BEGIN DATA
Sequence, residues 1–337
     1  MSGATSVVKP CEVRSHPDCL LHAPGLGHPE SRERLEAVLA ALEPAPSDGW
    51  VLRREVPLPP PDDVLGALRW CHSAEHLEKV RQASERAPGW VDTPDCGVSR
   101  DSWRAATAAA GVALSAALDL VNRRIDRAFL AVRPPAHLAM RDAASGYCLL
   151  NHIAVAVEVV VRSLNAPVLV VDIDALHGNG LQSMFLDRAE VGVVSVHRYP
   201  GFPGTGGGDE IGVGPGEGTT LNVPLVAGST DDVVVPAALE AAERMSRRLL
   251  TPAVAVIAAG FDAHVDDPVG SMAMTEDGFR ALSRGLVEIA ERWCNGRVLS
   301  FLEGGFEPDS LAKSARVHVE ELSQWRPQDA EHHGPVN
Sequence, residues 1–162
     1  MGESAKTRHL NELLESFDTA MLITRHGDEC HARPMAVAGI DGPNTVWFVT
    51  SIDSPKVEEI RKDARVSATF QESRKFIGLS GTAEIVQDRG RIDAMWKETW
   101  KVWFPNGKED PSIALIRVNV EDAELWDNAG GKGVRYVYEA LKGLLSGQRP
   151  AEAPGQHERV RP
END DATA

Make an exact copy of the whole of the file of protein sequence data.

Sequence, residues 1–337
     1  MSGATSVVKP CEVRSHPDCL LHAPGLGHPE SRERLEAVLA ALEPAPSDGW
    51  VLRREVPLPP PDDVLGALRW CHSAEHLEKV RQASERAPGW VDTPDCGVSR
   101  DSWRAATAAA GVALSAALDL VNRRIDRAFL AVRPPAHLAM RDAASGYCLL
   151  NHIAVAVEVV VRSLNAPVLV VDIDALHGNG LQSMFLDRAE VGVVSVHRYP
   201  GFPGTGGGDE IGVGPGEGTT LNVPLVAGST DDVVVPAALE AAERMSRRLL
   251  TPAVAVIAAG FDAHVDDPVG SMAMTEDGFR ALSRGLVEIA ERWCNGRVLS
   301  FLEGGFEPDS LAKSARVHVE ELSQWRPQDA EHHGPVN
Sequence, residues 1–162
     1  MGESAKTRHL NELLESFDTA MLITRHGDEC HARPMAVAGI DGPNTVWFVT
    51  SIDSPKVEEI RKDARVSATF QESRKFIGLS GTAEIVQDRG RIDAMWKETW
   101  KVWFPNGKED PSIALIRVNV EDAELWDNAG GKGVRYVYEA LKGLLSGQRP
   151  AEAPGQHERV RP